We tend to believe that Qi is static. Yet, it moves just like the Dao does.
The Chinese character for qi has two parts. The first part represents vapor, steam, or gas. The second part represents a grain of rice. The Chinese symbol for Qi is represented by steam and uncooked rise suggesting the release of energy and potential for energy and the material all in one.
All phenomena in the universe contains Qi, and Qi must be a part of the Dao. Dao is the way of heaven and earth. All Dao has movement so then Qi must have movement. The movement of the Dao starts with the great water and moves away from water towards fire, wood and metal to finally return. This movement describes the transformation from non-being to being, and back again.
Vapor corresponds with the heavens and rice corresponds with the earth.
Huai Nan Zi says this about the Dao, Dao originated from emptiness and emptiness produced the Dao, that which was clear and light drifted up to become heaven, and that which was heavy and turbid solidified to form earth.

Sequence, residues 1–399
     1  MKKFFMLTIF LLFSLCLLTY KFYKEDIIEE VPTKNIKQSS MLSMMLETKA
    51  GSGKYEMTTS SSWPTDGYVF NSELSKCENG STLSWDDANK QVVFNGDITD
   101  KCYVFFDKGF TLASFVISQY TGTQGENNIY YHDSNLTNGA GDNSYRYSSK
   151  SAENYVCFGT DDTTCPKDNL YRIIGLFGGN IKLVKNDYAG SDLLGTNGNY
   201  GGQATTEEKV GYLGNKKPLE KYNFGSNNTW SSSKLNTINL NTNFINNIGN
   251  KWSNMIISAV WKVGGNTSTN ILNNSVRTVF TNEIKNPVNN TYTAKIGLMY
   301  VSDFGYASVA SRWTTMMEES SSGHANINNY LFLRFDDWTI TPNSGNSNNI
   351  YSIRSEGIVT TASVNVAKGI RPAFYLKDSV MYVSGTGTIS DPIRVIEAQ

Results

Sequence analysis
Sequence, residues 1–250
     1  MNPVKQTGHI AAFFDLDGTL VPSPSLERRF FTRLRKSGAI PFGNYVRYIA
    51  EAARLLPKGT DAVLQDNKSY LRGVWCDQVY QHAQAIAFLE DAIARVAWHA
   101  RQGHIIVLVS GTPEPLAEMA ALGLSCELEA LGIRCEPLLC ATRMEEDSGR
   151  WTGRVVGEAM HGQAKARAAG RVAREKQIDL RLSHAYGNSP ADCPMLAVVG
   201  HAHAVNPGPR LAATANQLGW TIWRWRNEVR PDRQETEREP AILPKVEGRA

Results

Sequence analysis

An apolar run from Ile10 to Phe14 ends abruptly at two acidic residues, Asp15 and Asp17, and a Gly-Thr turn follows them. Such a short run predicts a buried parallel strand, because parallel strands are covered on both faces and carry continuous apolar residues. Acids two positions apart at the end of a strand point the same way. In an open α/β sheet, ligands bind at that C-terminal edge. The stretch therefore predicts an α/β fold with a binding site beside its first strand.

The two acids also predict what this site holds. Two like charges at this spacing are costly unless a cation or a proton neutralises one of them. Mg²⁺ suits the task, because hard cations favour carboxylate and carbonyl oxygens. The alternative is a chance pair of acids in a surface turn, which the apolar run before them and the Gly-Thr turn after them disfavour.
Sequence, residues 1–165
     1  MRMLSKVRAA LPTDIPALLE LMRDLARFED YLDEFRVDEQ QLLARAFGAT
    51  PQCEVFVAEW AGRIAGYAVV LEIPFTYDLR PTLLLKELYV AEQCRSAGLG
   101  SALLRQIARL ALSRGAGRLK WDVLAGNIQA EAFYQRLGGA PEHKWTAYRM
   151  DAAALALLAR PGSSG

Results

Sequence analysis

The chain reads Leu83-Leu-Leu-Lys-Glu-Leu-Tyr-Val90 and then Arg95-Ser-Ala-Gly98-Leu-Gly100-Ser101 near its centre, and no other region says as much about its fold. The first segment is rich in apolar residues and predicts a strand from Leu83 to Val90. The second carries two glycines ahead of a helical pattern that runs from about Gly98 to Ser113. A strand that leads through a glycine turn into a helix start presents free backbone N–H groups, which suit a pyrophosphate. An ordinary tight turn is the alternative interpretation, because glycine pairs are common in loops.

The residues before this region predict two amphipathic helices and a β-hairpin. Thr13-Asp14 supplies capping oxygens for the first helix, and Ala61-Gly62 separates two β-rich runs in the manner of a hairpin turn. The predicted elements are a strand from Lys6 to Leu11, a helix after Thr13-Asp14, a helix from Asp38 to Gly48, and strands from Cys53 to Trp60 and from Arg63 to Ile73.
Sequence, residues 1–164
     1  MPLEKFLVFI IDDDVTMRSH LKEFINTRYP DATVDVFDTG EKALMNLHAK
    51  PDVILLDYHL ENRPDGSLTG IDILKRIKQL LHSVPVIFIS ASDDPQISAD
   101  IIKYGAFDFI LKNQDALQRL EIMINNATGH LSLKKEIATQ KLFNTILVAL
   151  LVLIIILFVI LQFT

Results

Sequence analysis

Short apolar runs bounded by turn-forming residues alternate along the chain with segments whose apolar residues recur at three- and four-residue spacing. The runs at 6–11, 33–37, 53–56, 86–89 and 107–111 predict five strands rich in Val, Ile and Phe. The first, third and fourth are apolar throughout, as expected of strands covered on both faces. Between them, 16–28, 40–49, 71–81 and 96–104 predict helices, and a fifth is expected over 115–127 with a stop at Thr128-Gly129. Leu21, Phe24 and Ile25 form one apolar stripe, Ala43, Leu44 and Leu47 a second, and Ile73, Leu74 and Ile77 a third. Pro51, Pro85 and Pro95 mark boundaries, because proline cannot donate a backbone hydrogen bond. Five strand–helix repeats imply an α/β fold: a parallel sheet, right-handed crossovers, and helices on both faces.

Dao originated from emptiness in the great void. It contains a yang and yin aspect. The lighter forms of qi drift upwards to become heaven, and the heavier forms of qi gather to form earth.
Zhang Zai says this about the great void, The great void consists of Qi. Qi condenses to become the myriad things. Things of necessity disintegrate and return to the great void. If qi condenses, its visibility becomes effective and physical form appears.
Qi contains the generating and birthing quality and the collecting and storing quality. Qi contains the yang and yin of all phenomena.
Yang births, yin grows, yang declines, yin stores.
Qi births, and grows, it declines and stores.
Qi is connected to the Dao, it forms the heaven and earth. It is the way of heaven and earth, the father and mother of change and transformation, the fundamental principal governing the myriad things, the base and beginning of generating and declining, it is the palace of spirit brilliance.